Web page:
Reject hate and bias against immigrants in Minnesota

M. RYDER • TRIBUNE CONTENT AGENCY M. Ryder/Tribune Content Agency
By Editorial Board Star Tribune
Maple Grove students showed how to counter hate.
The nation now has as its president-elect a man who came to Minnesota on Nov. 6 and described the growing, contributing Somali-American share of this state’s population as unwanted, and its impact on this state as “horrible.” Since Donald Trump’s election, people invoking his name have scrawled messages of exclusion and racial enmity on places including a high school bathroom in Maple Grove and a college campus sidewalk in St. Paul.
Those are despicable words and deeds, antithetical to values Minnesotans have long held dear.
But to their credit, Minnesotans of goodwill are rallying in response.
“Minneapolis is a better, stronger place for having our Somali and East African immigrants and refugees in it,” Mayor Betsy Hodges posted on social media soon after Trump’s airport campaign rally. Former Minneapolis Mayor R.T. Rybak chimed in that “a people who faced unspeakable violence and trauma” in their native land have “become part of our community and made us all better.”
Still more heartening was the display that greeted students arriving at Maple Grove High School the day after its bathroom was defaced. Students and faculty posted a wall of their own graffiti bearing dozens of uplifting messages, including “Love always speaks louder.”
We hope that proves true for Minnesota’s new Americans in the next four years. To be sure, many Minnesotans who preferred Democrat Hillary Clinton over Republican Trump are rattled by the election’s results. But longtime Minnesotans can only imagine the fear and sense of rejection that must be washing over the state’s recent arrivals from foreign lands after the election of a candidate who made hostility to immigration a campaign theme.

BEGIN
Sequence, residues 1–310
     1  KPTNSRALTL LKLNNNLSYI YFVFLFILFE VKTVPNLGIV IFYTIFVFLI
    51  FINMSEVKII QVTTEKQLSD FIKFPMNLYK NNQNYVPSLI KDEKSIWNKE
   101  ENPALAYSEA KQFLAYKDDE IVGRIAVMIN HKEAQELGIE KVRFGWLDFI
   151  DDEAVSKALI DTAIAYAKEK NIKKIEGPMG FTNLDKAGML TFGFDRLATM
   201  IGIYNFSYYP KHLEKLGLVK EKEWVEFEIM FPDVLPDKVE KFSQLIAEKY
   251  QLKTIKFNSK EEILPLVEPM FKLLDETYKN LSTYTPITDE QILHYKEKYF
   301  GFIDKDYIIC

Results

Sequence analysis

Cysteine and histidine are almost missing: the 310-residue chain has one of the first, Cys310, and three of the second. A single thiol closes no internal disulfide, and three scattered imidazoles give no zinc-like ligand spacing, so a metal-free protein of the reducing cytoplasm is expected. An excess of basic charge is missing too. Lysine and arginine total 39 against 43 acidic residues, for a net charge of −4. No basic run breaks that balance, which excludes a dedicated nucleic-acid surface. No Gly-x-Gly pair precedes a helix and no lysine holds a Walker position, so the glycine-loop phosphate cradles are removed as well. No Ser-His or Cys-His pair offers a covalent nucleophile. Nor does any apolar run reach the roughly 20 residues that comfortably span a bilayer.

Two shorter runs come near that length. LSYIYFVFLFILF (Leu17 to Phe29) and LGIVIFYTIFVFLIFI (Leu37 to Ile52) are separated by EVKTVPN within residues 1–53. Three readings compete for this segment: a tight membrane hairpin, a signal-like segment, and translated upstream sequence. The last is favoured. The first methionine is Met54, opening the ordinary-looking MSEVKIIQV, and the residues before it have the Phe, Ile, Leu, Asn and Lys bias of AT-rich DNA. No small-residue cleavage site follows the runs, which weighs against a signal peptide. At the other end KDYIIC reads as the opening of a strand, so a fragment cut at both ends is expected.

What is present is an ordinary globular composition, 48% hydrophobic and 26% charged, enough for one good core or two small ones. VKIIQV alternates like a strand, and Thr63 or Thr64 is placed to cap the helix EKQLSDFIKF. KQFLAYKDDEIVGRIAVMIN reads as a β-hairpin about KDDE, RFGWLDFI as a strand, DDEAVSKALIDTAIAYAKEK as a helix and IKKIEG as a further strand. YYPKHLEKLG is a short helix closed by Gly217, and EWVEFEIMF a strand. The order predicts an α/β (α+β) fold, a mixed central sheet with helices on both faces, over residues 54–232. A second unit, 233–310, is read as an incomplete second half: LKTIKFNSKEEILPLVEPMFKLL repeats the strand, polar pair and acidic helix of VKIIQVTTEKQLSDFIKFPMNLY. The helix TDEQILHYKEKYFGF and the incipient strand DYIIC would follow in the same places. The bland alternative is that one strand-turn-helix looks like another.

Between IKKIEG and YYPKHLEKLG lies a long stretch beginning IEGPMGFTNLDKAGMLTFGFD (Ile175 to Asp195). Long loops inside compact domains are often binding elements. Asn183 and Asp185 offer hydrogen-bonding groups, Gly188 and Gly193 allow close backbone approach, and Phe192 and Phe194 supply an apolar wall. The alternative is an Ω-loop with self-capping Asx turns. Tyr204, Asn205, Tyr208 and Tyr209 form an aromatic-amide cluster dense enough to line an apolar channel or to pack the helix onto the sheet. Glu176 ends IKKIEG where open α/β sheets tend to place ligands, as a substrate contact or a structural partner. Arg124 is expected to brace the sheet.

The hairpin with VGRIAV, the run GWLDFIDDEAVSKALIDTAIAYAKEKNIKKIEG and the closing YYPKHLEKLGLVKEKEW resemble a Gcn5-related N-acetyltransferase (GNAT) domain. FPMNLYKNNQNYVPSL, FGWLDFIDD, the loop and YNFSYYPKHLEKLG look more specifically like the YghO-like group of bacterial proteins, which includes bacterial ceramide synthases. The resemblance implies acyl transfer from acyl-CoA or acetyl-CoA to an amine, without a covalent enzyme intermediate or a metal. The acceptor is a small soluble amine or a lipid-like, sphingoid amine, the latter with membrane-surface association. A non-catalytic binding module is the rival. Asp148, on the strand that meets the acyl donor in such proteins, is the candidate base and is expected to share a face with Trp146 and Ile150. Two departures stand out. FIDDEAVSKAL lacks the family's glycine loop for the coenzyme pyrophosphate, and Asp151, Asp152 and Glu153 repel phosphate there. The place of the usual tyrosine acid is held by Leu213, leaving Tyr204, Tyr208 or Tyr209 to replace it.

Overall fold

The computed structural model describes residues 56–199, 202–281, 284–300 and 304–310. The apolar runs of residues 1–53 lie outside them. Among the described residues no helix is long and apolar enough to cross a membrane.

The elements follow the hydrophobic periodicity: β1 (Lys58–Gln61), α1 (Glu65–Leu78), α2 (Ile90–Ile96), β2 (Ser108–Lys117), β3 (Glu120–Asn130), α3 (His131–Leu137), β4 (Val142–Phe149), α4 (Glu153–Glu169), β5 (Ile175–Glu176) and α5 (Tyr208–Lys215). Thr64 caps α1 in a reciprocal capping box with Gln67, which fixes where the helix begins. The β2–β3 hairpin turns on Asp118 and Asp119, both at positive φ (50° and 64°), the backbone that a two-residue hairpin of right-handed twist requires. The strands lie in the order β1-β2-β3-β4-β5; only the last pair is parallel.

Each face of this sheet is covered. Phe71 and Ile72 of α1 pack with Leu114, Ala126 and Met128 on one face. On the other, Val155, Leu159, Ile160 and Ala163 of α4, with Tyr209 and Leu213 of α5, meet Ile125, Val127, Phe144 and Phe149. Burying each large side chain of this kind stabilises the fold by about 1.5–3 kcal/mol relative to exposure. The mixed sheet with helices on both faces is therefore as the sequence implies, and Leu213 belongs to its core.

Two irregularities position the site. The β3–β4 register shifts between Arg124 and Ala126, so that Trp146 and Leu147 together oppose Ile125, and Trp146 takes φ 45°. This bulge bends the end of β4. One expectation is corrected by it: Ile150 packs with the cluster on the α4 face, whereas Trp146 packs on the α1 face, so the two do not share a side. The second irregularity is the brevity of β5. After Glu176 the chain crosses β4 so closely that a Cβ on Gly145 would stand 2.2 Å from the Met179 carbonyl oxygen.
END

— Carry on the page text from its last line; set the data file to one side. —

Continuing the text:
What’s worse is that their fears may be well-founded. Undocumented immigrants — even those who have spent nearly their entire lives here, working and paying taxes — are vulnerable if Trump follows through with campaign promises of mass deportation. So are Minnesotans of East African descent, who stand accused by the president-elect of bringing “disaster” to Minnesota.
You’re wrong, Mr. President-elect. Somali-Americans are bringing brainpower, talent, entrepreneurial spirit and civic engagement to Minnesota. They are neighbors, co-workers, caregivers, taxpayers, and active citizens. One is a Minneapolis City Council member; in January, another will be a Minnesota legislator. Labeling them as “horrible” only serves to alienate a segment of our community that’s seen terrorists prey on its most vulnerable.
In this state, welcoming immigrants is more than “Minnesota nice.” It’s also necessary for economic prosperity. Immigration can do much to ease the shortage of skilled workers that’s forecast for the next decade as baby boomers retire. That’s why the Minnesota Chamber of Commerce and other business groups have been leaders in support of legal status for undocumented residents and a larger, legal flow of skilled workers into this country.
Last week, the good students and teachers at Maple Grove High showed this state how to respond when immigrants are the targets of hate. They spoke up, personally, promptly and powerfully enough to be heard. If high school students can do that with paper, markers and tape, how much more can Minnesotans in higher positions do?


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